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Overwhelming response to RPM Challenge

There's going to be a lot of new music making the rounds, come March 1.

More than 127 new albums, in fact. All original material, and all cranked out under great pressure during the month of February, the shortest month of the year. It's part of the RPM Challenge, which is presented locally by alternative weekly newspaper The Scope.

The RPM Challenge seems to take its cue from National Novel Writing Month, in which writers attempt to compose a 50,000 word novel in one month. The difference is, artists must crank out a 10-song, 35-minute album (at minimum) instead of a book. And they must do so in one month.

The RPM Challenge is an international movement not a contest that was started about four years ago at The Wire, an alt-weekly in Portsmouth, New Hampshire. It was such a success drawing more than 100 full albums of music that the paper expanded the challenge internationally.

When Elling Lien, Editor of The Scope, was preparing to launch his paper, he researched several other alt-weeklies across North America, and liked what he saw in The Wire. He was also impressed by the RPM Challenge, and came on board in 2008 as a regional hub' for the event here.

"It just made sense that The Scope would get behind something like this," Lien said, in an email interview. "We've always tried to position the paper as a positive, motivating entity, and this seemed like a really good way to get the fire going. I mean, St. John's is a musical city in a musical province. How many how many houses have a guitar, violin... sousaphone... or kazoo tucked away in their basement? All of them. So really this is just an excuse for people to bring those instruments out and play with them."

In the first year, Lien said about 40 people signed on, and 22 albums were submitted. "This year, it seems like there's a crazy amount of energy behind it. When I last checked, there were 127 participants, with more signing up all the time. And what's really neat is those aren't just individuals, those are entities... bands, or groups. Those are friends calling each other up and saying, hey man, want to record some music this weekend?' It's the coolest thing ever."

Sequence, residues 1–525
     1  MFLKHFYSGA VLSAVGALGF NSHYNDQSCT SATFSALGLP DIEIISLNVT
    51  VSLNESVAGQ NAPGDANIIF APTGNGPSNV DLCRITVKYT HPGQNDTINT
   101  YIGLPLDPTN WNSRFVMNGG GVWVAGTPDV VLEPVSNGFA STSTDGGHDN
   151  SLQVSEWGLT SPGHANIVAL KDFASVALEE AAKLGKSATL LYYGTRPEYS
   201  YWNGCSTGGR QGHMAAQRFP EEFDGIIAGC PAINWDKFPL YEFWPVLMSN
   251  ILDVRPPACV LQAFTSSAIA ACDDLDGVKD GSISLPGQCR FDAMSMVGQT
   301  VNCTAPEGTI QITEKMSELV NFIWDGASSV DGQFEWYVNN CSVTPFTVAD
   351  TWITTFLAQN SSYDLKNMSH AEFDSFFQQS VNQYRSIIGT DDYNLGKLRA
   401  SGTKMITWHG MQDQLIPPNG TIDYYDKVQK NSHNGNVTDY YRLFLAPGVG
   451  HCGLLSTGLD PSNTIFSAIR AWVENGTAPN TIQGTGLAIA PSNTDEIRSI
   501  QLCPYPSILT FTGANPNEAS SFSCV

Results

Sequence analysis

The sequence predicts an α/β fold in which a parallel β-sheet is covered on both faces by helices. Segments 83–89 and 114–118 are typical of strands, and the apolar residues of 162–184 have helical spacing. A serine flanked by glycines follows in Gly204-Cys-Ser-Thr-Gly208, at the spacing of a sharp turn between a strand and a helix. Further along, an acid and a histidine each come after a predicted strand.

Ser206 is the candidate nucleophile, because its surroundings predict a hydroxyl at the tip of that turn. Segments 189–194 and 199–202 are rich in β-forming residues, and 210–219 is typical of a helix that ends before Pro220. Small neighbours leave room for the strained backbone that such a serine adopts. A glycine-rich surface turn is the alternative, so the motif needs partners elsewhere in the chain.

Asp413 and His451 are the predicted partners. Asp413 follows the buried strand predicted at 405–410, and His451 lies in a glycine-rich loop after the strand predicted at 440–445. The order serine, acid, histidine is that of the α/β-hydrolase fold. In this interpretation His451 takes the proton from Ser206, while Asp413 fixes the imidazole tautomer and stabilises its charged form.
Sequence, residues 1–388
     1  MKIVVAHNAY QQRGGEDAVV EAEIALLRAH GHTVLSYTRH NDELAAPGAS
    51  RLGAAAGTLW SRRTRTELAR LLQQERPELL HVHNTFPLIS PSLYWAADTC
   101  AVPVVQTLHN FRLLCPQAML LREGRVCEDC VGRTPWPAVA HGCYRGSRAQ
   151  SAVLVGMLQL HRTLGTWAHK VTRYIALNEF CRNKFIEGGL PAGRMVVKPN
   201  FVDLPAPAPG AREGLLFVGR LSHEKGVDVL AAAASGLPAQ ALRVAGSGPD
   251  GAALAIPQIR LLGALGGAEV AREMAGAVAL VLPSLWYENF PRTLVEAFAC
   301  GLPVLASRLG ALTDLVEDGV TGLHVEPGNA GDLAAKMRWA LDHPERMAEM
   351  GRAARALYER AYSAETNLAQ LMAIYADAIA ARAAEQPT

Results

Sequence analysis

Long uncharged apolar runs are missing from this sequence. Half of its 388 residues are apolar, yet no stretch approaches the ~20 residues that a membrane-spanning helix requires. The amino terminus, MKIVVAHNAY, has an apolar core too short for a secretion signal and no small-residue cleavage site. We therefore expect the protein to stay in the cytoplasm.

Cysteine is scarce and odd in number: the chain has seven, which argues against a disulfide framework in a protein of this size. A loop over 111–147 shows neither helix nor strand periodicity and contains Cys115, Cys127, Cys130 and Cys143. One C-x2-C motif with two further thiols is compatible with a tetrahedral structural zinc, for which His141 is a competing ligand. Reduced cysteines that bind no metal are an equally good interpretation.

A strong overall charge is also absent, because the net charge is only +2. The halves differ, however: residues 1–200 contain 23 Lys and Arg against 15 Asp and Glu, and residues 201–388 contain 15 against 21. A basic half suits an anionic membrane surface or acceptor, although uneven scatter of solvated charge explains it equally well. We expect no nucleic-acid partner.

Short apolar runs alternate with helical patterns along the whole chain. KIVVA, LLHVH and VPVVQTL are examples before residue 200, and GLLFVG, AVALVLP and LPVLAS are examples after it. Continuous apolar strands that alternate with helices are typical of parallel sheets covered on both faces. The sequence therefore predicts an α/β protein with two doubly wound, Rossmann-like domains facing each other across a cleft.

Lien attributes this growth in participation to the fact the event was new last year, and not heavily promoted in advance.

"This year, though, it's not a new idea, and there's a good bunch of locals who came out the other side thinking it was the best thing that happened to them all year," Lien said. "A lot of people who take this challenge come out of it at the end saying, "thanks man! That was the best time I've had in a long while!" But really, we just put them through 28 days of musical torture."

Lien said that participants can drop off their completed CD's at Fred's Records any time before noon on March 2 (a Monday) or they can mail it to The Scope's office, postmarked no later than March 2.

"A few weeks later we have a listening party where we play at least one track from each of the albums submitted," Lien said. "We'll print a copy of the playlist in that week's Scope, so people will have programs already. This year, we're actually a little worried, since if there are more than 100 submitted CDs, which, if we play one song from each, that means, possibly, six hours of music. We might have to book a few venues, which is pretty exciting."

The music and even album art will also be put online, at the RPM Challenge jukebox, so participants and fans can browse at their leisure.

There will certainly be an explosion of new music come March. The question is, will some of it actually be good?

"Absolutely," Lien said. "Last year we were blown away by the quality from many of the submissions. In a lot of cases, there seemed to be a special kind of RPM energy behind everything... the music seemed more urgent, and even more honest, than what we heard from these artists before, and that sometimes worked really well."

Lien said whether or not the music is released commercially is up to the individual performers.

"Neil Conway and Mopey Mumble Mouse did sell copies of their RPM album at Fred's, but most of the others didn't. The Domestics are a good example of a band that didn't exist before the RPM Challenge, but now they play regularly around town. The lead singer, Sandy May, has a beautiful voice, but horrible stage fright, so the RPM was just the kick in the pants she needed to get her music out there, it seems."

There's some great background on the RPM challenge at The Wire's web site, including an interesting profile of St. John's, written from the Portsmouth perspective.

Interested? Click here to register. To find out more, visit The Scope's web site.

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